BANGUI, Central African Republic — Presidential and legislative elections in the Central African Republic on Wednesday concluded without violence as people cast their ballots to seek an end to almost three years of lawlessness in the diamond-producing nation.
The vote was postponed from Dec. 27 because ballots hadn't been distributed. Two earlier deadlines to organize the vote this year were also missed. Polling stations opened in Bangui, the capital, at about 6 a.m. and closed shortly after 4 p.m.
The national elections authority didn't register any incidents and the turnout is expected to be at least 65 percent of voters, Marie-Madeleine Koue, president of the authority, said by phone. United Nations peacekeepers helped secure polling stations across the country.
"People are happy today because there is no gunfire," said Awa Asta, a 41-year-old voter who lives in the last remaining Muslim enclave in the city. "All the Muslims in my area have come out to vote so that we will have peace and can move about freely."
Asta's neighborhood, known as PK5, holds about 15,000 Muslims and is surrounded by hostile militia that have driven out more than 100,000 Muslims from other parts of the city. It's become a symbol of the sectarian strife in the Central African Republic.
The country has been mired in violence since a 2013 coup that toppled then-President Francois Bozize and enabled armed groups to seize control of the countryside. Thousands have been killed and about a fifth of the population has fled in what the U.N. describes as a "critical" human-rights situation.
Front-runners among the 30 presidential candidates are two former prime ministers, Anicet-Georges Dologuele and Martin Ziguele. A second round will be held on Jan. 31 if none of the candidates wins a majority.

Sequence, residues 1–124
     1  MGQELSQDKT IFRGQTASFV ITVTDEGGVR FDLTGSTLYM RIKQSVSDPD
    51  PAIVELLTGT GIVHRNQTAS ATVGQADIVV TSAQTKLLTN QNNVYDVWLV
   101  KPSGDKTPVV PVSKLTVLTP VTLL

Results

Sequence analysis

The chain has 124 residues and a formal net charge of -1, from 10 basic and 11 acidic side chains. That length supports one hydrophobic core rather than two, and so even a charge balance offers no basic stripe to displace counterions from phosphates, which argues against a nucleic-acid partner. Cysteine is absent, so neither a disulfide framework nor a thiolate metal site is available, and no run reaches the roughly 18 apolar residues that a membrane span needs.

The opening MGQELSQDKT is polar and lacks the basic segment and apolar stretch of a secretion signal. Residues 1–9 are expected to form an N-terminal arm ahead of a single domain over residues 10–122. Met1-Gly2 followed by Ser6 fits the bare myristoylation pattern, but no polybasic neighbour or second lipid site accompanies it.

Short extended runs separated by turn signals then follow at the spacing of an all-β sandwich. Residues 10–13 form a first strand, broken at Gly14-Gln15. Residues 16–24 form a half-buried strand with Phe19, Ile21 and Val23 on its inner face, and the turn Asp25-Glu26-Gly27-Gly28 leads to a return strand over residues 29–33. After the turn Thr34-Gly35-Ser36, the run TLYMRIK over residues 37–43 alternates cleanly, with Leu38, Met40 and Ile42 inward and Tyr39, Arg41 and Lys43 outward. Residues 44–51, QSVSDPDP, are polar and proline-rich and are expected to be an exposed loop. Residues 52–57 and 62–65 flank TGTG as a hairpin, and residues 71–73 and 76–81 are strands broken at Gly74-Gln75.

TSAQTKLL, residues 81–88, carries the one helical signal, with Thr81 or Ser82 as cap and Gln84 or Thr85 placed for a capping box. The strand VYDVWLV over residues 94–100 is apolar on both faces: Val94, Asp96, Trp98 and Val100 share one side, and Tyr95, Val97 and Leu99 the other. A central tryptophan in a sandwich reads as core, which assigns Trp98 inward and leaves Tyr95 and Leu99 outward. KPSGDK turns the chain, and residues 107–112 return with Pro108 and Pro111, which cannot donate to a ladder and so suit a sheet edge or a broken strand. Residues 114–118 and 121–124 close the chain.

"There is a lot of expectations for change of governance among the population but the candidates look like old wine in a new bottle, so will they be able to bring real change?" Thierry Vircoulon, a Central Africa expert who lectures at the Paris School of International Affairs, said via email.
The ouster of Bozize by mainly Muslim rebels was marked by widespread killings of civilians, prompting non-Muslims to set up armed groups known as anti-balaka militia. An interim government appointed in January 2014 has failed to extend its influence outside Bangui. Many armed groups now earn income from illegal exports of gold, diamonds and other resources, according to the U.N.
Lewis Mudge, country researcher for New York-based Human Rights Watch, said the new government will be faced with "seemingly intractable problems."
"Much of the country is still controlled by a myriad of armed groups, hundreds of thousands of Central Africans are displaced both inside and outside of the country, the judicial system is barely functioning and disarmament has not begun in earnest," Mudge said in emailed comments.
A grenade attack on a vehicle used by a presidential candidate killed three people in the capital on Monday. The Archbishop of Bangui, Dieudonné Nzapalainga, and the country's Muslim leader, Omar Kobir Layama, on Tuesday organized a public meeting in PK5 to call for peace and urge people to cast their ballots.
Bozize wasn't allowed to run in the elections because of his previous tenure. His political party and spokesmen of anti- balaka militia said last week they endorsed Dologuele.